Fuel efficiency/higher productivity targets for German quarry
First publishedin Aggregates Business Europe
A Caterpillar dump truck makes its way down the haul road at the quarry
Fuel efficiency along with higher productivity are the aims of a major German quarry that produces granite material for a variety of uses. The company took a look at its operations and decided to ask German Caterpillar dealer Zeppelin to help achieve its aims using the latest technology, including Cat VisionLink that allows quarry operators to quickly and easily view all their equipment in a secure web-based application hosted by Trimble.
Caterpillar says that information from Cat equipment allows insight into the operation, health and productivity of a fleet. For example, a Cat engine will provide working and idle hours, fuel consumption, start and stop times and more while event and diagnostic codes are provided from a variety of electronically controlled systems. VisionLink also allows additional features for Cat equipment through integration to other Caterpillar data and applications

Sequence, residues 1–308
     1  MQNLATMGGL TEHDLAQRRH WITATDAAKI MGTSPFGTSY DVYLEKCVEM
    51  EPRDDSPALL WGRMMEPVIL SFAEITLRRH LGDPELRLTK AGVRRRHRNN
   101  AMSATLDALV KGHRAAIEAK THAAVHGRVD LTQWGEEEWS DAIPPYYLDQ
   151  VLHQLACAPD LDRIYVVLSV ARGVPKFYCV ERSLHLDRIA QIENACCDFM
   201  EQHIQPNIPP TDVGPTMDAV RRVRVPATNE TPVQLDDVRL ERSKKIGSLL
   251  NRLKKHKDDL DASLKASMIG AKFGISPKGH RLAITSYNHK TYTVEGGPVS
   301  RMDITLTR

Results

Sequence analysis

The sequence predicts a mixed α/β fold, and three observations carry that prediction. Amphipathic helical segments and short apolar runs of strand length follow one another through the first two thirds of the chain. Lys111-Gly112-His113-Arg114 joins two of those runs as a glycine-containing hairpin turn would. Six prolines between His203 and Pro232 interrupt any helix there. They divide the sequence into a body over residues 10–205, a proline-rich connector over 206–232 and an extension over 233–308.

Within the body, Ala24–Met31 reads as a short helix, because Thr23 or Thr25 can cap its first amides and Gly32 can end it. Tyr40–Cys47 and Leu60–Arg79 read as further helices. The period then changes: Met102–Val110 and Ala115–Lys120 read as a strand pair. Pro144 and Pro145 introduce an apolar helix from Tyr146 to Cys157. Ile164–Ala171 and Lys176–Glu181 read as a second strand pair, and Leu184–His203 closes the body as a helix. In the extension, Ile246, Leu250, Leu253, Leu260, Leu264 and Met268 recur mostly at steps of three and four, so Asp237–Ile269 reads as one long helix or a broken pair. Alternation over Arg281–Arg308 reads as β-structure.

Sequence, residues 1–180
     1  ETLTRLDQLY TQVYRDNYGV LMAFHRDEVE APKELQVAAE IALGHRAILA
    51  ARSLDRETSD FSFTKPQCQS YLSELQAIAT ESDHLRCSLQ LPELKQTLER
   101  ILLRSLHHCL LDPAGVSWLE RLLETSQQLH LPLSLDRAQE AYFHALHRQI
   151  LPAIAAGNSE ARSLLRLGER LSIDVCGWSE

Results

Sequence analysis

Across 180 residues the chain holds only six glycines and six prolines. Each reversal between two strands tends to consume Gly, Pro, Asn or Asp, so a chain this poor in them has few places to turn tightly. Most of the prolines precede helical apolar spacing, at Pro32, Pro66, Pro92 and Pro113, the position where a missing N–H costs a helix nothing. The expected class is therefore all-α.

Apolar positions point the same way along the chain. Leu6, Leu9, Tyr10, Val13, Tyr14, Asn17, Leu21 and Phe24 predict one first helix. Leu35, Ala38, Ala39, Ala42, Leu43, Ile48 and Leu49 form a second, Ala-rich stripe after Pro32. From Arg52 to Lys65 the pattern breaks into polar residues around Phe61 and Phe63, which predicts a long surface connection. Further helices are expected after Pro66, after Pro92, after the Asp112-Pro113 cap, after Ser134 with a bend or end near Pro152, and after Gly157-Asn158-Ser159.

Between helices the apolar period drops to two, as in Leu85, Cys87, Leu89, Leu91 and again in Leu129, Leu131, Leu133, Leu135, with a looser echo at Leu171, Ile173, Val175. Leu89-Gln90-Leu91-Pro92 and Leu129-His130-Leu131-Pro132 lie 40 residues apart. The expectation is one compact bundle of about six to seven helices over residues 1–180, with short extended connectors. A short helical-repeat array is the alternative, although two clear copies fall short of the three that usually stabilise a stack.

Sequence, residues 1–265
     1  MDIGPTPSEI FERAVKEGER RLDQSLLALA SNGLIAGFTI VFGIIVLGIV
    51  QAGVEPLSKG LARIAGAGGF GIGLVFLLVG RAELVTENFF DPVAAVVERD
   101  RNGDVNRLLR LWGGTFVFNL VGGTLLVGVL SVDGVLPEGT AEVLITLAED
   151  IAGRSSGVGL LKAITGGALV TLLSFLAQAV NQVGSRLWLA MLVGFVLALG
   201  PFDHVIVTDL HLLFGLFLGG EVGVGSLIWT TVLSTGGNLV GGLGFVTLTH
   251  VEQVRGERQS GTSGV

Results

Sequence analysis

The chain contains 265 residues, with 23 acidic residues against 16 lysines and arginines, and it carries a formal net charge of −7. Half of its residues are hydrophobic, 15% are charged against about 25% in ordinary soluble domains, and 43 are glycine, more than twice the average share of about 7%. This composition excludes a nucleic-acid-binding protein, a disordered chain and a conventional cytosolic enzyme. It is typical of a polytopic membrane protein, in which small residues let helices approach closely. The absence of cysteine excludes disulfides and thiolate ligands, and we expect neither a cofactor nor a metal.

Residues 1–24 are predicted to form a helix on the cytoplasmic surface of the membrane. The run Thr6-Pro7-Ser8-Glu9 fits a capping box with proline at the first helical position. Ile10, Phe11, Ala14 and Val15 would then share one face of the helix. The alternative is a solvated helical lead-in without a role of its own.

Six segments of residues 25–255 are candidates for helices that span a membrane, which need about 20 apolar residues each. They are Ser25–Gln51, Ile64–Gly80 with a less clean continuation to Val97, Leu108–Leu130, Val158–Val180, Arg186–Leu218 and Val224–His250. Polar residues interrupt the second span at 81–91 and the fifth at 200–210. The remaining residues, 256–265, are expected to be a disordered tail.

“When you consider that around 30% of running a quarry is taken up by fuel costs then it makes sense to try to make sure the whole operation is running as efficiently as possible,” says Jorg Schwinger, managing director.
Parameters are set by the company as part of its plan to meet fuel efficiency and productivity targets.
The Karl Schwinger quarry at Nittenau, near Regensburg, 150km north of Munich in southern Germany, was started in 1880, but at that time it did not belong to Schwinger family, who bought the site in 1974.
TOP: On its way to the primary crusher is the Cat 775F; BOTTOM: After initial crushing, rock is transported by conveyor for further processing
However, the family did at one time own a number of quarries north of the current site, including one at Rossbach.
“My grandfather helped to build the railway to the old quarry at Rossbach but after nearly 100 years it stopped,” says Jorg Schwinger.